Climatic shocks and a deteriorating economic environment in Zimbabwe have left over 7 million people in need of humanitarian assistance. Drought, often followed by floods and coupled with the economic crisis, has left over 4.3 million people without sufficient food or cropland. According to the July 2020 Rural ZimVAC analysis, more than 56% of rural households are currently facing food insecurity because of the coronavirus pandemic. About 60% of the population are expected to be food insecure from October to December 2020 due to the combined effects of drought, economic recession and the coronavirus.
Over 56% of the rural population in Zimbabwe, who mainly rely on farming, are in urgent need of food assistance. A devastating drought in 2018/2019 led to a massive crop failure. At the same time, erratic and inadequate rainfall in 2020 has exacerbated an already dire situation for the rural population, leaving Zimbabwe as one of the four countries in the world suffering most from food shortages. In March 2019, cyclone Idai hit 4 southern Africa countries, including Zimbabwe, leaving thousands displaced and washing away crops and livelihoods in its wake. To date, there are about 128,000 people still displaced in Manicaland and Masvingo provinces and in need of humanitarian assistance.
On 3 September, Zimbabwe confirmed 6,678 coronavirus cases and 206 deaths, with 85% in the 5 provinces of Harare, Bulawayo, Matabeleland South, Midlands and Manicaland. With an escalating malaria outbreak and over 1.3 million people living with HIV in the country, the coronavirus pandemic poses a big health risk to the population. Access to essential health services has decreased due to insufficient health workers, health workers in isolation/quarantine, insufficient personal protective equipment (PPE), and user fees in health facilities.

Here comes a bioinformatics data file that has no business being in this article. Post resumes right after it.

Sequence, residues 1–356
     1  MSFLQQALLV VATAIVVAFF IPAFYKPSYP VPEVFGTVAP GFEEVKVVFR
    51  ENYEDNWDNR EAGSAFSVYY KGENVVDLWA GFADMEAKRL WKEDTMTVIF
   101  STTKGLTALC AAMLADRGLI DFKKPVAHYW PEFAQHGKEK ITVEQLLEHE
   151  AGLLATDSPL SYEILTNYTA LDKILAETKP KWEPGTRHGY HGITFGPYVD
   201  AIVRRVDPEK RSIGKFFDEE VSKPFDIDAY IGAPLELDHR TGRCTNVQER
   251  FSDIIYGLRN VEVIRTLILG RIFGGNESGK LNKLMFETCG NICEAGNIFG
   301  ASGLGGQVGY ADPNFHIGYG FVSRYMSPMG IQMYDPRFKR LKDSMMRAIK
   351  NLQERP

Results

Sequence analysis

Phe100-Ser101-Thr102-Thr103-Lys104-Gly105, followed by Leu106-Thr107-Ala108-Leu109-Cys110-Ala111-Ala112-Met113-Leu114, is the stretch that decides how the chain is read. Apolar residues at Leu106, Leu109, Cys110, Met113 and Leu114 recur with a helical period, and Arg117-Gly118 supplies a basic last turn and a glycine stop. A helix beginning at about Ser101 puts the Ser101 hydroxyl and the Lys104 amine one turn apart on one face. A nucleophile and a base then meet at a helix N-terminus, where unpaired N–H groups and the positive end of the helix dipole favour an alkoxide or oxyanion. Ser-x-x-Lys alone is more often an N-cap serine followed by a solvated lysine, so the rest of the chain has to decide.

From 1 April to 31 August, 17,732 Zimbabwean migrants returned from neighbouring countries, with over 989 returnees still being quarantined.
Over 21,000 refugees in Zimbabwe, mostly from Mozambique and a few from the Democratic Republic of Congo, need humanitarian assistance for food, shelter, education and protection.
In 2020, the EU has allocated €14.2 million in humanitarian assistance to Zimbabwe, mainly to address the ongoing food shortages in the country. EU funding is helping to provide food assistance to people in need in rural areas, as well as those in highly-vulnerable urban areas, both suffering from the socio-economic effect of combined drought, the economic situation and the coronavirus pandemic. Assistance also aims to support vulnerable migrant returnees.
Part of the EU support goes to education in emergencies and to disaster preparedness. The assistance to disaster preparedness focuses on areas prone to natural hazards. These activities include support to schools, communities and institutions to strengthen their preparedness capacity.
While focusing on immediate relief assistance to the most vulnerable, the EU’s humanitarian aid in Zimbabwe also provides agricultural support to families who rely on subsistence farming but live in drought-affected areas.
EU partners in Zimbabwe are stepping up their efforts to tackle the coronavirus pandemic, adapting their projects to reduce the spread of the virus while still delivering much-needed aid. They have timely included activities on coronavirus prevention and control, information dissemination campaigns, distribution of PPE, promotion of access to water and hygiene, and hygiene awareness sessions to households.
EU assistance puts a particular emphasis on strengthening the resilience of the most vulnerable communities to mitigate the impact of the food insecurity and its consequences. To this end, EU humanitarian and development assistance work hand in hand.